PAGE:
I think that art has never been an individual’s effort only; it has always been produced according to the times in which the artist lives. These portraits articulate this phenomenon because viewers will find a cross listing of writers, etc. from one portrait to the next, indicating a specificity of time and place.

 This project is also an historical chronicle because viewers can actually go through the names of influential people in a portrait and look up those writings of an author or works of an artist to clearly see how the influences of other people construct the portrait’s artist or critic.

 I believe when we see something it becomes part of us and it can either influence us on an unconscious level, or we sometimes knowingly construct something in response to that. I like it when we opt for the latter and are consciously aware of the influence, give due credit to the person from whom we got the idea. This is a way to initiate dialogue, which is a healthy phenomenon.

 Art is dead; long live Art!”

(click on each image for a larger view)

Portraits: The Inquiry of Art (Wall I). Letraset, vinyl letters on handmade books. Dimensions Variable.

 

 Portraits: The Inquiry of Art (Wall II). Letraset, vinyl letters on handmade books. Dimensions Variable.

Portraits: The Inquiry of Art – Risham Syed. Letraset, vinyl letters on handmade books.

 

Portraits: The Inquiry of Art – Naiza Khan. Letraset, vinyl letters on handmade books.

 

Portraits: The Inquiry of Art – Anwar Saeed. Letraset, vinyl letters on handmade books.

 

Portraits: The Inquiry of Art – Ahsan Jamal. Letraset, vinyl letters on handmade books.

 

Portraits: The Inquiry of Art – Ayesha Jatoi. Letraset, vinyl letters on handmade books.

 

Portraits: The Inquiry of Art – Ayaz Jokhio. Letraset, vinyl letters on handmade books.

 

Portraits: The Inquiry of Art – Atteqa Ali. Letraset, vinyl letters on handmade books.

 

Portraits: The Inquiry of Art – Quddus Mirza. Letraset, vinyl letters on handmade books.

 

Portraits: The Inquiry of Art – Imran Channa. Letraset, vinyl letters on handmade books.

Portraits: The Inquiry of Art -Umer Butt. Letraset, vinyl letters on the pillar.

Portrait-Do it Yourself. 886 handmade books in wooden shelves. 6 shelves of dimensions 36in x 18in x 4in each.

Portrait-Do it Yourself (detail).

Portrait-Do it Yourself (detail 2).

 

Hasnat Mehmood. Note book series. Bank note collages on hand made books. Variable.

 

 

 

 

 

 

Note book series (details: book 3).

 

 

 

 

 

 

Note book series (detail Book 21).

 

 

 

 

 

 

Note book series (detail Book 33).

Inflation Design (triptych). Bank note collage on vasli. 40 x 30inch each.

Flirting with Bank Notes I. Bank note collages on illustration board. 33.5in x 41.5in.

 

 

 

 

 

 

 

 

 

 

 

 

 

 

         Flirting with Bank Notes I (details).

 

Flirting with Bank Notes II. Bank note collages on illustration board. 33.5in x 41.5in. 

 

 

 

 

       Flirting with Bank Notes II (details)

“Calling All Heroes” (Feb 4th – 20th, 2011)

Posted in Exhibitions by ps31 on February 10, 2011

“Calling All Heroes” is Danish Raza’s second solo exhibition. About this body of work, he writes: We live in a society of reluctant heroes.  Heroes with the power of a million exploding suns sit idly, unable to recongize their true potential, waiting for a true hero to save the day.  In truth, we don’t need super powers to make a change. It takes only willingness.  Here is a call to all reluctant heroes, come out, come out, wherever you are!”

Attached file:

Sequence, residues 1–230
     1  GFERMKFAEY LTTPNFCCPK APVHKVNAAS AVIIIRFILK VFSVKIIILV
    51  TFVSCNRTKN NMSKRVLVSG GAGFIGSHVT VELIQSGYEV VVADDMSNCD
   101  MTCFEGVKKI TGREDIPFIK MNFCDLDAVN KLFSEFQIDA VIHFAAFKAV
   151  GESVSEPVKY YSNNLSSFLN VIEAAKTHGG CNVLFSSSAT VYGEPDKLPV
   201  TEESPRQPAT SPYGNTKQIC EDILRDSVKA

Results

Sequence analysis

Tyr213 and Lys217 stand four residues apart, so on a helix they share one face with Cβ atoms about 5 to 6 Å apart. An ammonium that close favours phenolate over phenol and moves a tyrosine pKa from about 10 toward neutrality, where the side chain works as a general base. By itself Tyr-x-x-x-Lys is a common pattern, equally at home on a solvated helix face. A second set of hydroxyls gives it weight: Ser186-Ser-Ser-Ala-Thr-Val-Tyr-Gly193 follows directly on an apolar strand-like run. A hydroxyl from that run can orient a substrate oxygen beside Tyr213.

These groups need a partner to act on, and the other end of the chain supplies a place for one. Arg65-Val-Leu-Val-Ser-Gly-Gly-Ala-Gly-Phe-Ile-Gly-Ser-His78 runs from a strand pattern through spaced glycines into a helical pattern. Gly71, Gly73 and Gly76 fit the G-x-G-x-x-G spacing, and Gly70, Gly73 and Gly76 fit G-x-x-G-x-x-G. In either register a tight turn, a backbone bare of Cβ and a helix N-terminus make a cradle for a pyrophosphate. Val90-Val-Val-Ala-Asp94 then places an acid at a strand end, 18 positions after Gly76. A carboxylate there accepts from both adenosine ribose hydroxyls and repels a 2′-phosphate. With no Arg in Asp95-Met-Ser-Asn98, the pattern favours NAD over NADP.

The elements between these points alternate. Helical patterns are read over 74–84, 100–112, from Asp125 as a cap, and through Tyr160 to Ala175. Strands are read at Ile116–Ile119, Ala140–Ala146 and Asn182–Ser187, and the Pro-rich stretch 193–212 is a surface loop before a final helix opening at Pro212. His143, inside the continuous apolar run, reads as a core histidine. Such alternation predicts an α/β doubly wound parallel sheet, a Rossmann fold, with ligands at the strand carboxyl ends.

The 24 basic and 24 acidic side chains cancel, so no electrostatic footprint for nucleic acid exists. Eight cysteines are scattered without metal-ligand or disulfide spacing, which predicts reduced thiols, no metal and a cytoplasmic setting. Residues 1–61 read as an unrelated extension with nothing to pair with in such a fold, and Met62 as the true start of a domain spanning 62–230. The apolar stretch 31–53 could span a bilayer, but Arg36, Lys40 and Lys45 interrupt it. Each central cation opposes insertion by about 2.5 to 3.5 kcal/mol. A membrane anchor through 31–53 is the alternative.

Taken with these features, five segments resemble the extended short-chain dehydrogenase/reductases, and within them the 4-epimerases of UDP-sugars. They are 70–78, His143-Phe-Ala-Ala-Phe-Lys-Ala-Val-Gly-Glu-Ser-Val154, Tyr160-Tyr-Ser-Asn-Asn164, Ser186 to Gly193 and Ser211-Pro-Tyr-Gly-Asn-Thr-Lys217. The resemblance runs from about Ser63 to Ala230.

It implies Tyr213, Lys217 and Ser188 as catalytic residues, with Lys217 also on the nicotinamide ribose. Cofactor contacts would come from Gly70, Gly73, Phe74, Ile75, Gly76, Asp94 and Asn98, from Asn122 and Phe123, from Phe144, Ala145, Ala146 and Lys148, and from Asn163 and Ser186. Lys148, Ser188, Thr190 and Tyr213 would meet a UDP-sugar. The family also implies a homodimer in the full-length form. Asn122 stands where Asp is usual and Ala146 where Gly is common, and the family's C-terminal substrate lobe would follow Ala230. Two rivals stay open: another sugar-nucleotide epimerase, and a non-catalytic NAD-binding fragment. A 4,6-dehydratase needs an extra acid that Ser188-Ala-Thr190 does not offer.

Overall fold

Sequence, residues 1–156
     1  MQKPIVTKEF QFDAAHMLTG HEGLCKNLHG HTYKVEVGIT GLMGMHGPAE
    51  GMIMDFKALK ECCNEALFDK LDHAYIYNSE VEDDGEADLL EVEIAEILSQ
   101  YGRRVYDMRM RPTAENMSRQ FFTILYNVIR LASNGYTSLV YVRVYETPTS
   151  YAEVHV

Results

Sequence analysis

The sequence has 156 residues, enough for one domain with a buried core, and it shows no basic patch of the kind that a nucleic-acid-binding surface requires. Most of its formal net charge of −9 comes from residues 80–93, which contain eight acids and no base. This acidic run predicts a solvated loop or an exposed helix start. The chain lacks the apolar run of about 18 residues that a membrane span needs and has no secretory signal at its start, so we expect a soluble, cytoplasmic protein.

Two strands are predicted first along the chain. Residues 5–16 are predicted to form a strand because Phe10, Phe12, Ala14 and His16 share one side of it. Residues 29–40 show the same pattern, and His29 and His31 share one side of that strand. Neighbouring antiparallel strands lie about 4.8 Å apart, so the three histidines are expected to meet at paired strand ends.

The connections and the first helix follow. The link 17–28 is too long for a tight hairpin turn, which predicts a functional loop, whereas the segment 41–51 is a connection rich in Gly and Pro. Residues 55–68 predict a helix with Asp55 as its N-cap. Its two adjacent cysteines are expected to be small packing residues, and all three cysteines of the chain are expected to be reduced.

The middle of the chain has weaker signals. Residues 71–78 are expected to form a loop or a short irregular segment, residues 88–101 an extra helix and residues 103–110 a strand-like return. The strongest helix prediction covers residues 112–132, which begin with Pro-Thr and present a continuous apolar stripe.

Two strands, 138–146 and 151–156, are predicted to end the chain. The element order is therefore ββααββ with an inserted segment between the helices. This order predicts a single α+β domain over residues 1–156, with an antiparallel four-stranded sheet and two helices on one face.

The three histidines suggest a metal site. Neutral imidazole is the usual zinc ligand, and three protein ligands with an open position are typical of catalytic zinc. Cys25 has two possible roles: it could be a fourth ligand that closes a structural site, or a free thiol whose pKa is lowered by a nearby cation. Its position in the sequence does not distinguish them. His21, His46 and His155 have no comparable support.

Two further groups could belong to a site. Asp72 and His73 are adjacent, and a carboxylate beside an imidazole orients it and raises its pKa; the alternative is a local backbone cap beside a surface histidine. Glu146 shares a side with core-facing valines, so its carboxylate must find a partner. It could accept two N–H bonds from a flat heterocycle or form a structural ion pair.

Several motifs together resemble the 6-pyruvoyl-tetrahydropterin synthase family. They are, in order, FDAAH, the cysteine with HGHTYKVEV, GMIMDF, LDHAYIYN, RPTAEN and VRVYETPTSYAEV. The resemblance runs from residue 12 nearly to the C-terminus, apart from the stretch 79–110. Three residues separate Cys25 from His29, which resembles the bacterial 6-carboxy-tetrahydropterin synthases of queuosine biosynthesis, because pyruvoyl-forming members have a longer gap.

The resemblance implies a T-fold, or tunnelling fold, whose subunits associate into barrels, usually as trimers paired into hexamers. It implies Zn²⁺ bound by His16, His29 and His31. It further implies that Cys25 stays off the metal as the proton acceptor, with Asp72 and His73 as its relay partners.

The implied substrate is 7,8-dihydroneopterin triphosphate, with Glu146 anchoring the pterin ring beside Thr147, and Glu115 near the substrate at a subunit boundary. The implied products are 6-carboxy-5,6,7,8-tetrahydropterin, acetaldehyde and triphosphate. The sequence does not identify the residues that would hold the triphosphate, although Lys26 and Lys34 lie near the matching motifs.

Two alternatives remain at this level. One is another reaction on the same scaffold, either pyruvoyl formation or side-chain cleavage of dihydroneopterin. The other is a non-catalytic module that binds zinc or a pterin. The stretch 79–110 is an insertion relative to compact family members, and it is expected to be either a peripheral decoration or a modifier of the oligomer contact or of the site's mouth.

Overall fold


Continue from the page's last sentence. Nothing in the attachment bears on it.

(click on each image for a larger view)

Danish Raza. Picture of a Self. 2011. Acrylic on canvas. 24in x 30in. red dot

Danish Raza. The Reluctant Hero. 2011. Pen and digital print on paper. 11in x 8.5in.

Danish Raza. Follow the Twitters. 2011. Pen and digital print on paper. 11in x 8.5in. red dot

Danish Raza. Coming Home. 2011. Pen and digital print on paper. 11in x 8.5in. red dot

Dansh Raza. Triumph of Evil. 2011. Pen and digital print on paper. 11in x 8.5in. red dot

Danish Raza. The Man with 100 Wings. 2011. Pen and digital print on paper. 11in x 8.5in.

Danish Raza. Super Sacrificial Goat. 2011. Pen and digital print on paper. 11in x 8.5in.

Danish Raza. Alter Ego. 2011. Pen and digital print on paper. 11in x 8.5in. red dot

Danish Raza. Empathy. 2010. Acrylics on canvas. 4ft x 3ft.

Danish Raza. Apathy. 2011. Acrylic on canvas. 4ft x 3ft.


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Prying

Posted in Exhibitions by ps31 on January 13, 2011

The camera is a device often critiqued for prying.  “Prying” (January 15th – 26th, 2011) presents the works of three artists where each of the results of the prying lens leads the viewer through a different kind of vicarious experience.

Umer Adil’s documentary photographs from the rural areas of Pakistan capture a defiant affront to the prying of the lens.  Lali’s photographs make the viewer conscious, and perhaps even a little guilty, of prying into her “autobiographical” sequences. Najia Omer’s mixed media canvases pry into her current predicament, which is fraught with having to make adjustments with changing circumstances. 

Mehreen Khalid, better known as Lali, got her B.F.A. in printmaking from N.C.A. in 2003 and an M.F.A. in Photography from Pratt Institute (2009) where she was a Fulbright Scholar. She has participated in several exhibitions in New York, Lahore and Islamabad.  “Prying” is her first show in Karachi.  She is currently an Associate Professor at the National College of Arts, Lahore.